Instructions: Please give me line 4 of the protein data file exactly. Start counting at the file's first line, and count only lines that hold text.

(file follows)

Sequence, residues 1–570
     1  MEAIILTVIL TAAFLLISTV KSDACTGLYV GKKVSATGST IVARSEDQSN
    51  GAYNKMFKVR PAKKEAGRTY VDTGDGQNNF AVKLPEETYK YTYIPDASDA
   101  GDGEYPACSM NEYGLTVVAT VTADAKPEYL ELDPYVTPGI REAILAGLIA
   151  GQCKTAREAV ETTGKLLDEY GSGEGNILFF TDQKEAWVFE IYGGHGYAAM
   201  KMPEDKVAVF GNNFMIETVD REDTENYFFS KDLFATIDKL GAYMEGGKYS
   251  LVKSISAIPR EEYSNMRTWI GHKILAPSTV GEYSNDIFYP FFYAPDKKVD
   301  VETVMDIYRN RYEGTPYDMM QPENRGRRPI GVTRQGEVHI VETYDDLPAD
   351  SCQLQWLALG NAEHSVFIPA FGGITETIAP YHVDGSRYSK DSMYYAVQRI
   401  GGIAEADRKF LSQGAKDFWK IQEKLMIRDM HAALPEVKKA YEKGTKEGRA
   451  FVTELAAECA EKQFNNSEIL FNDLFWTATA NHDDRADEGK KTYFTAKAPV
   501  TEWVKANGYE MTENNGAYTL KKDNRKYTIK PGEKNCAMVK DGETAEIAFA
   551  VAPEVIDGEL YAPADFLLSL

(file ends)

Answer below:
   101  GDGEYPACSM NEYGLTVVAT VTADAKPEYL ELDPYVTPGI REAILAGLIA